Have Girls Really Grown More Violent?

Experts Say Juvenile Justice System is Now Tougher on Females

More and more girls under 18 are being arrested for violent crimes. They're still far less likely than boys to get picked up for things like robbery and assault. But the gap is narrowing. That's led to the perception that girls have become much more violent in recent decades. But as NPR's Jonathan Hamilton reports in Part Three of the series Girls and the Juvenile Justice System, experts on juvenile crime have another theory.

According to Meda Chesney-Lind, a nationally known criminologist at the University of Hawaii, the perception that girls have grown out of control dates back to the 1990s. At the time, some experts were predicting an explosive increase in violent young criminals. Those predictions seemed to be backed up by newscasts and talk shows featuring girl gangs.

Several best-selling books about female aggression added to public concern. And government statistics show violent girls are a growing problem. During the 1990s, the rate at which girls were charged with assault rose by more than 70 percent — even as the rate for boys began to fall. But experts say these statistics are a bit misleading. The number of girls who actually kill someone each year hasn't changed much in decades. And there's been only a small increase in girls who commit an assault that involves a weapon or causes a serious injury. Jeffrey Butts of the Urban Institute says these facts challenge the idea that a change in girls' behavior is the major reason for the rise in arrests and detentions.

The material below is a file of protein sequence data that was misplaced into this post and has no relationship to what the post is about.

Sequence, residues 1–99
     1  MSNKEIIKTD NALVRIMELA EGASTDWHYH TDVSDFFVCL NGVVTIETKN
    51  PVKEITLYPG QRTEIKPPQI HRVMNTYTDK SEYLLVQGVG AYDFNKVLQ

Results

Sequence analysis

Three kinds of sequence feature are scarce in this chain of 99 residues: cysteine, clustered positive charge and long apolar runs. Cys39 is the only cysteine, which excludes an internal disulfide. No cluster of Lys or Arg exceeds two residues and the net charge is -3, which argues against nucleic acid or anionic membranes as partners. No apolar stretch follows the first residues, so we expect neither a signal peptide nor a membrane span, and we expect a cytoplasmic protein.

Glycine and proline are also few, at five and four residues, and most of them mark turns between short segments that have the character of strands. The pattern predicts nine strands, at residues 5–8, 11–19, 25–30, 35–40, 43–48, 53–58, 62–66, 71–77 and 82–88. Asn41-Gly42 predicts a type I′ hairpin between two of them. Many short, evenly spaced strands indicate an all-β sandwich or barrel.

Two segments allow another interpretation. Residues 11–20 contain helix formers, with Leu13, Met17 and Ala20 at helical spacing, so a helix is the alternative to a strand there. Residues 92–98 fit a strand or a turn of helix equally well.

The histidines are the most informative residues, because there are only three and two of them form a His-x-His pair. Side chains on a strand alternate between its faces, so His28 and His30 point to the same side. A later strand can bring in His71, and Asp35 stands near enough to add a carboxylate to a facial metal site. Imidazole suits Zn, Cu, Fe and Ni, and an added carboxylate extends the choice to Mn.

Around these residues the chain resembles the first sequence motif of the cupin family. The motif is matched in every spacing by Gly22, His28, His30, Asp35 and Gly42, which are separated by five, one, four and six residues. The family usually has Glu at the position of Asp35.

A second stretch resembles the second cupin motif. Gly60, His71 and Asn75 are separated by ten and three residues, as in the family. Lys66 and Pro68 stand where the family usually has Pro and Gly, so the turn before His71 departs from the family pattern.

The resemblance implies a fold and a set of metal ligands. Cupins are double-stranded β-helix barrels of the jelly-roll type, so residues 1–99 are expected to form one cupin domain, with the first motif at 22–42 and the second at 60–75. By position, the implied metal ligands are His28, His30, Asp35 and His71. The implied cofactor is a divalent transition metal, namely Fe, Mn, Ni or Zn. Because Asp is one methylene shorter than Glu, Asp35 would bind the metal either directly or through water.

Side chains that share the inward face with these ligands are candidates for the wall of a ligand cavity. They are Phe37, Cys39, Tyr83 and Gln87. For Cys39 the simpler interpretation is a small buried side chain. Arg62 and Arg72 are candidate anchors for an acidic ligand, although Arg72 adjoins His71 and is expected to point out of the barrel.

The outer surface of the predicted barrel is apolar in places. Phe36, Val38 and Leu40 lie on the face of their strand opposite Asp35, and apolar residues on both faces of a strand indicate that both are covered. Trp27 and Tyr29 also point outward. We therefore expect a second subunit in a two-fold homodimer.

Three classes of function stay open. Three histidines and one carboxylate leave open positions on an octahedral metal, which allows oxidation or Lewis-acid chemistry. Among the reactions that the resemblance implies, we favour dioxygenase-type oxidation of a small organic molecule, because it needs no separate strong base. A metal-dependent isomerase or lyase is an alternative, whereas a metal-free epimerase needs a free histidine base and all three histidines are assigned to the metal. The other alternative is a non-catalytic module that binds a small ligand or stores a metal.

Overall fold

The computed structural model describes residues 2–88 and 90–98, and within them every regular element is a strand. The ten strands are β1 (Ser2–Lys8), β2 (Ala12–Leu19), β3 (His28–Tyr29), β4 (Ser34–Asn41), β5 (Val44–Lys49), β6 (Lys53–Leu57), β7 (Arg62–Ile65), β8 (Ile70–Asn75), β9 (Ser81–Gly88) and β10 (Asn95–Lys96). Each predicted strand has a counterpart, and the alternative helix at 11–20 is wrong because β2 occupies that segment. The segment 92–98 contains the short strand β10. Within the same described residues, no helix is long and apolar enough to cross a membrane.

"Behavior changes contribute somewhat to it, but very slightly," Butts says. "The largest reason for the change is that the juvenile justice system itself is becoming less paternalistic — meaning that police officers, prosecutors, judges are less likely to treat someone differently because she's female than they may have 20 to 30 years ago."

Comments

 

Please keep your community civil. All comments must follow the NPR.org Community rules and terms of use, and will be moderated prior to posting. NPR reserves the right to use the comments we receive, in whole or in part, and to use the commenter's name and location, in any medium. See also the Terms of Use, Privacy Policy and Community FAQ.